iPhone 4 Complaints Mounting: A Rocky Rollout

Only weeks after hitting the streets, iPhone 4 and iOS 4 have been peppered with serious user complaints. Apple promises to fix the software problems. But is a recall in iPhone 4's future?

Wed, July 07, 2010

CIO — Verizon mocked Apple (AAPL) and its new iPhone 4 in a New York Times (NYT) ad this week. Promoting its flagship Droid X, Verizon's ad states: "Most importantly, it comes with a double antenna design. The kind that allows you to hold the phone any way you like and use it just about anywhere to make calls."

This marketing shot, of course, took dead aim at iPhone 4's well-documented antenna reception flaws and Apple's advice to consumers to hold the iPhone differently.

However, the reception problem isn't the only issue causing new iPhone 4 owners to cry foul. On Apple's own discussion forum, more than a thousand people have commented on the iPhone 4's proximity sensor not working properly.

Then there's the new iOS 4 causing some apps to crash, and app developers scurrying to fix them, say industry watchers.

[ Look beneath the iPhone 4's sleek design and you'll find a durability risk, reception improvements that may fall flat, and a videoconferencing feature that works only for a few people, says CIO.com's Tom Kaneshige. ]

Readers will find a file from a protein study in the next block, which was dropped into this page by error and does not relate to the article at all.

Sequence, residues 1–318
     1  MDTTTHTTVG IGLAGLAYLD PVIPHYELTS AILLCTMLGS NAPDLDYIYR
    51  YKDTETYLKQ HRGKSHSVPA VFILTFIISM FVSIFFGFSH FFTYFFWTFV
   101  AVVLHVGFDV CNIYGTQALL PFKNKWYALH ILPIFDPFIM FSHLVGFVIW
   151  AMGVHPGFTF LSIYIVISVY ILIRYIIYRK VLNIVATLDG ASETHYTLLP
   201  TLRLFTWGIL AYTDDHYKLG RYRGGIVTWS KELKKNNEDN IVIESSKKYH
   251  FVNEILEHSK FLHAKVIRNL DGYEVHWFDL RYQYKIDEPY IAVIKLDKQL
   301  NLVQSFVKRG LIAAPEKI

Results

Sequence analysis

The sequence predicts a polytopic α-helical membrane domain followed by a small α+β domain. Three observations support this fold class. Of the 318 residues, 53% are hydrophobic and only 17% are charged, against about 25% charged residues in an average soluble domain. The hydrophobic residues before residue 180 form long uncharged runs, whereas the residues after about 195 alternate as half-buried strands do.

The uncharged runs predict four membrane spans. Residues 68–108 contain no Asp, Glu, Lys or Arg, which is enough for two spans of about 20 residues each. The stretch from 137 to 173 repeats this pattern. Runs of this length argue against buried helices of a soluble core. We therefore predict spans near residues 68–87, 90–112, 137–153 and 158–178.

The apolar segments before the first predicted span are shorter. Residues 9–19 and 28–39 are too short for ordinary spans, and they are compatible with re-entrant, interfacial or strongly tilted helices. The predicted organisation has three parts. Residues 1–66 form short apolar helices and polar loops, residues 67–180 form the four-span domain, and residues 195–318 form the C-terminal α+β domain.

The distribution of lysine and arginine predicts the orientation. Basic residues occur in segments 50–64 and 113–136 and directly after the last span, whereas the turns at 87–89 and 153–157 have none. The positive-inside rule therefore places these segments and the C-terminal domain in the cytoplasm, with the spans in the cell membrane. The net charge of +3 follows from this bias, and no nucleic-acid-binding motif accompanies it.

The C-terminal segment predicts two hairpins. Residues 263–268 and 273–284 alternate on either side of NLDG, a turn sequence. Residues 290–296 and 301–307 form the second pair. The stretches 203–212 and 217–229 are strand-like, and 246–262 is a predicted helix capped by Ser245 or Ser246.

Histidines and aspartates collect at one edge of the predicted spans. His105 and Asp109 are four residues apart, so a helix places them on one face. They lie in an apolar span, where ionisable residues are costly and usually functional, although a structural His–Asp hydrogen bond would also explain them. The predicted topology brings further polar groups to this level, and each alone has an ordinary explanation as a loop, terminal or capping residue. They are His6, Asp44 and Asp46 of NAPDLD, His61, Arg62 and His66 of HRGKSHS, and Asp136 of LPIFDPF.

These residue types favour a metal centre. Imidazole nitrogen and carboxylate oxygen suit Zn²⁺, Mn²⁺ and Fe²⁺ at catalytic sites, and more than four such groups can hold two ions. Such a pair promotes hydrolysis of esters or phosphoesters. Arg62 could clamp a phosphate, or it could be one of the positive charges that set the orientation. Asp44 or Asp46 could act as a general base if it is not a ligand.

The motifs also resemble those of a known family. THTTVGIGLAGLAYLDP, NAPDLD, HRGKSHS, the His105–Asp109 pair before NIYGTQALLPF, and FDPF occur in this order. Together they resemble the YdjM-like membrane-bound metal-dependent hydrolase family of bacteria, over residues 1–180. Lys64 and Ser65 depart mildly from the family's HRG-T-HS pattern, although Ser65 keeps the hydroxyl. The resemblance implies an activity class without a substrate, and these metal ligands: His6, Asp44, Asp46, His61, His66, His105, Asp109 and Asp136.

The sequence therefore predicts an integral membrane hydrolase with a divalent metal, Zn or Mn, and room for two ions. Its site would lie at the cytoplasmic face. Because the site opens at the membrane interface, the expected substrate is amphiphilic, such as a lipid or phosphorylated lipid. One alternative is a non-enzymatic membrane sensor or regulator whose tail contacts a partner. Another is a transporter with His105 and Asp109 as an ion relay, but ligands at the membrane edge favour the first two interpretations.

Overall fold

Apple's impassionate response to problems has only created angst among iPhone owners who have shelled out hundreds of dollars for an iPhone 4 and an AT&T service contract. Apple Geniuses have reportedly been instructed by Apple to tell unhappy iPhone 4 owners that bad reception performance due to gripping the phone in certain places is "a fact of life in the wireless world," according to documents leaked to Boy Genius Report.

Late last week, Apple reversed course and said the reception problem lies not in the hardware design. Rather, Apple said the problem stems from the way an algorithm calculates bars of reception, and promised to deliver a software update.

All of this has the potential to upset Apple's stellar customer service record. "The antenna problem and Apple's screwy software response has become kind of a running joke," says analyst Rob Enderle of the Enderle Group. "I'm kind of surprised at how Apple is handling the problems because they are bleeding credibility needlessly in their attempts to cover them up."

iPhone 4's Hardware Takes a Hit

On Apple's discussion board, a user claimed that the iPhone's proximity sensor wasn't properly detecting when the iPhone was held next to the face. Results? Hang ups, calls put on mute, numbers dialed accidentally. "This occurs on 90% of my calls," wrote the user. The comment spurred a horde of iPhone owners complaining about the same thing.

When the iPhone 4 debuted a couple of weeks ago, CIO.com pointed out three big cons beneath its sleek design. The first drawback: two glass surfaces make it more breakable, as opposed to one glass on previous iPhone models. Broken or scratched glass is a big reason iPhones find their way to a repair shop, says Aaron Vronko, CEO of Rapid Repair, which provides iPod and iPhone repair services.

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